Only one VAT rate for a uniform supply - ECJ judgement "Finanzamt X" (C-516/21)

VAT law includes a splitting requirement for certain combinations of supplies. Thus, the leasing of permanently installed equipment and machinery does not enjoy the same VAT-exempt status as the leasing of the property even if the equipment/machinery is an essential component of the property. Upon referral by the BFH, the ECJ addressed the question of whether different VAT rates must be applied even if these constitute an ancillary supply to the principal supply of letting a building.

The case: Turkey barn with operating equipment

The plaintiff leased a barn for rearing turkeys with permanently installed equipment and machinery.  The facility included an industrial screw conveyor for feeding the turkeys as well as a heating, ventilation, and lighting system to ensure a temperature and illumination appropriate to the animals' stage of development. The provisions of the lease agreement stipulated that the plaintiff would receive a uniform remuneration as compensation for the use of the turkey barn and its equipment and machinery. The plaintiff assumed that this overall supply was exempt from VAT.

The question referred:  Does the uniformity of supply take precedence over the splitting requirement?

According to the wording of § 4 no. 12 sentence 2 UStG (German VAT Code) and also according to Art. 135 No. 2 lit. c of the VAT Directive, only the leasing of the turkey barn itself would be exempt from VAT, and the leasing of the equipment and machinery would be taxable. The uniform remuneration would have to be allocated accordingly.

The BFH was of the opinion that the transaction in question also fulfilled the requirements of a uniform supply: The operating equipment was a special feature of the turkey barn that only served to provide the barn with optimal conditions for the intended purpose. Thus, the leasing of the equipment was a dependent ancillary supply to the leasing of the turkey barn as the principal supply. The latter is certainly VAT-exempt as the lease of a property.

The BFH therefore referred the question to the ECJ as to whether the leasing of permanently installed equipment and machinery was only denied a VAT exemption if considered separately, or also if it was an ancillary supply to the VAT-exempt leasing of a building. Accordingly, the ECJ had to clarify whether the principle of the uniformity of the supply took precedence over the splitting requirement - or vice versa.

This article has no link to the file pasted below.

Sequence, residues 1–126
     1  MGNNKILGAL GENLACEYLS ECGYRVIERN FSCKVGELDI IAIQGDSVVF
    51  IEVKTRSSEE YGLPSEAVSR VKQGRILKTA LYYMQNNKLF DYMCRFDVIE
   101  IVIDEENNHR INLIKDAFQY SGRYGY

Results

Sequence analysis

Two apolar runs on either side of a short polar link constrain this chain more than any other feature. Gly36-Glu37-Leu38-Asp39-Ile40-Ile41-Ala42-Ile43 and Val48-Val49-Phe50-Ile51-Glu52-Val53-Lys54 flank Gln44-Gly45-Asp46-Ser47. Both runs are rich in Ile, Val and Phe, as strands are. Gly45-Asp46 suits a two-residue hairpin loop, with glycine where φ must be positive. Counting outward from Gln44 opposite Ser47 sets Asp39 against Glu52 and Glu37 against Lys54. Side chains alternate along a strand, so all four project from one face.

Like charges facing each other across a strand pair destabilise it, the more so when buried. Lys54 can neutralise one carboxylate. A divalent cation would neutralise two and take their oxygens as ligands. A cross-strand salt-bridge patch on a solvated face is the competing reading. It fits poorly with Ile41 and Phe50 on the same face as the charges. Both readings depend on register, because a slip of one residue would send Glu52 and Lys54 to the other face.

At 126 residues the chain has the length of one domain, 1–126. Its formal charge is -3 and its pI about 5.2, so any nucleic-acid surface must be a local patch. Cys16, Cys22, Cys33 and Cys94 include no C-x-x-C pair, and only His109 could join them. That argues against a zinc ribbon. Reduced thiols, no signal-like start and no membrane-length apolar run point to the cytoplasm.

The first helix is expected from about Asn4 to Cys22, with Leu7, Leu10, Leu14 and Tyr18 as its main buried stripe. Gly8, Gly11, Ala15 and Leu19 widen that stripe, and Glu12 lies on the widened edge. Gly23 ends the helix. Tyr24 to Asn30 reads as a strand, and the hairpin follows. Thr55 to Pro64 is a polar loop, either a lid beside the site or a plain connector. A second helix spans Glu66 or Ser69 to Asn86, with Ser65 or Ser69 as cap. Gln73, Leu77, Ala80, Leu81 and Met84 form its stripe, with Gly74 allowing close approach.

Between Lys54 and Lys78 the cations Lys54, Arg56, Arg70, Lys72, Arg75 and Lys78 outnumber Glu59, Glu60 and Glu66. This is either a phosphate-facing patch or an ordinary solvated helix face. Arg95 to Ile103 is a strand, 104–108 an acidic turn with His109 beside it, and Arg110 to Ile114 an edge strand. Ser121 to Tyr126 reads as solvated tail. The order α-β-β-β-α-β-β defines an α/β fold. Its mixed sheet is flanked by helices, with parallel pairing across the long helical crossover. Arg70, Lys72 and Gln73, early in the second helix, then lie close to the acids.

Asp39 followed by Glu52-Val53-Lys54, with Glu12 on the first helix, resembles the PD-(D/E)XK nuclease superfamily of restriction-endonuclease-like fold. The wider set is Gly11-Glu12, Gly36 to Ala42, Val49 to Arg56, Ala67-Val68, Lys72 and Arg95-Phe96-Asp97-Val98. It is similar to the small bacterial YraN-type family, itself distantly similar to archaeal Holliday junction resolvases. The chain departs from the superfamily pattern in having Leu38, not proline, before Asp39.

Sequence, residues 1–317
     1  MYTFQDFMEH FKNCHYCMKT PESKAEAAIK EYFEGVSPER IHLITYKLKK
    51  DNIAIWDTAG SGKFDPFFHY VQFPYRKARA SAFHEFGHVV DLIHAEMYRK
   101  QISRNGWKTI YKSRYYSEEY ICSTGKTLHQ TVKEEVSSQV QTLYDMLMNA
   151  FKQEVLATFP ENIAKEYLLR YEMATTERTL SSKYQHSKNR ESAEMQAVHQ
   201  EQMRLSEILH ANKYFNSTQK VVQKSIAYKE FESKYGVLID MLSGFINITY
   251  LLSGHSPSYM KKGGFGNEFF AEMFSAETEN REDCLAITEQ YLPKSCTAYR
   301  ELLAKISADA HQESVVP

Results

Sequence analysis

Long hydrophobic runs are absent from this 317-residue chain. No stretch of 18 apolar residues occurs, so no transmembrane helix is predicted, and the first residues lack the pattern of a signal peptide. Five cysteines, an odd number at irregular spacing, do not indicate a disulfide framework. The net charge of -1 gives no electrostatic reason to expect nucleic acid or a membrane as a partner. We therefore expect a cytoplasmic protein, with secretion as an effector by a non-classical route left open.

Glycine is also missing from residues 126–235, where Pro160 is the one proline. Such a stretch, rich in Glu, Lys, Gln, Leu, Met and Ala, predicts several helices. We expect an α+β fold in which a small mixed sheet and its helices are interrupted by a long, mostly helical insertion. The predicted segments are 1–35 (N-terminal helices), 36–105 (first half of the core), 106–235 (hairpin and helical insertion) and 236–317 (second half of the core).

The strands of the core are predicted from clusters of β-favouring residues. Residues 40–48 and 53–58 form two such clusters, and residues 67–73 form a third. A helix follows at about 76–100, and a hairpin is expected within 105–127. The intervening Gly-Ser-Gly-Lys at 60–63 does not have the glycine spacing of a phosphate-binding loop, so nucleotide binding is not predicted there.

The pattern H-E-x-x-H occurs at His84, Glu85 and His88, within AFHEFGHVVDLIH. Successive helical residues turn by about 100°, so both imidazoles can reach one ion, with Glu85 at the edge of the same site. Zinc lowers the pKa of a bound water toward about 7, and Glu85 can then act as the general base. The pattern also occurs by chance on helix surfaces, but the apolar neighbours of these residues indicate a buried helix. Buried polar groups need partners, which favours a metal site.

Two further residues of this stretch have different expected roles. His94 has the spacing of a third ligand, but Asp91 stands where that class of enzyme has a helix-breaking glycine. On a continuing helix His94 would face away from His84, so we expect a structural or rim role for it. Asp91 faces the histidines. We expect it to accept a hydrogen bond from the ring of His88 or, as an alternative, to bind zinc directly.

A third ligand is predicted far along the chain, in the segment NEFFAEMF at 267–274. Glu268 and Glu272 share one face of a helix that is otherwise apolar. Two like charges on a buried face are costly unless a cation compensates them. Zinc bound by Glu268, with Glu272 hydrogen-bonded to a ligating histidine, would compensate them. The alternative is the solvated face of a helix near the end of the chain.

ECJ: No two separate VAT rates for a single supply

In this case, the ECJ’s decision is clear: If the leasing of the equipment is only a dependent ancillary supply to the leasing of the turkey barn as the principal supply, the question of taxability as a whole is based on the principal supply. However, whether or not there was actually a uniform supply was a question the BFH would have to decide for itself. This was despite the fact that the BFH had already stated this in its submission and the ECJ at least hinted that this was comprehensible.

Unfortunately, the ECJ did not make a distinction between this case and its earlier case law, and it was this inconsistency that prompted the BFH to refer the case. In the cases Talacre Beach Caravan Sales Ltd (6 July 2006, C-251/05) and Commission v. France (6 May 2010, C-94/09), the ECJ had ruled that components of a uniform supply could be taxed at different rates. In its later judgement in the case of Stadion Amsterdam CV (18 January 2018, C-463/16), the ECJ ruled that in the case of a supply that had two components (a principal supply and an ancillary supply), the overall VAT rate is based on the principal supply.

Practical relevance

Taxpayers who make uniform supplies whose components would be taxed differently if taken separately should (continue to) keep the corresponding assessments open if uniform treatment would be more favourable for them. This applies in particular to lessors of real estate with operating facilities. Based on the ECJ case law, it’s conceivable to begin immediately treating the supply as VAT-exempt overall if the principal supply is VAT-exempt, but this should definitely be disclosed to the tax office. In any case, the prerequisite is that it is actually a uniform supply, and this must be checked carefully.

In its decision of 7 March 2022 (XI B 2/21), the Federal Fiscal Court (Bundesfinanzhof, BFH) suspended another case in order to await the ECJ decision discussed here. That case involved hotel accommodation that included breakfast, which is also subject to a splitting requirement under § 12 (2) no. 11 sentence 2 UStG. Under the premise that this is a uniform supply, this apportionment would also not be compatible with ECJ case law.

Dated: 23 May 2023


Nadia Schulte
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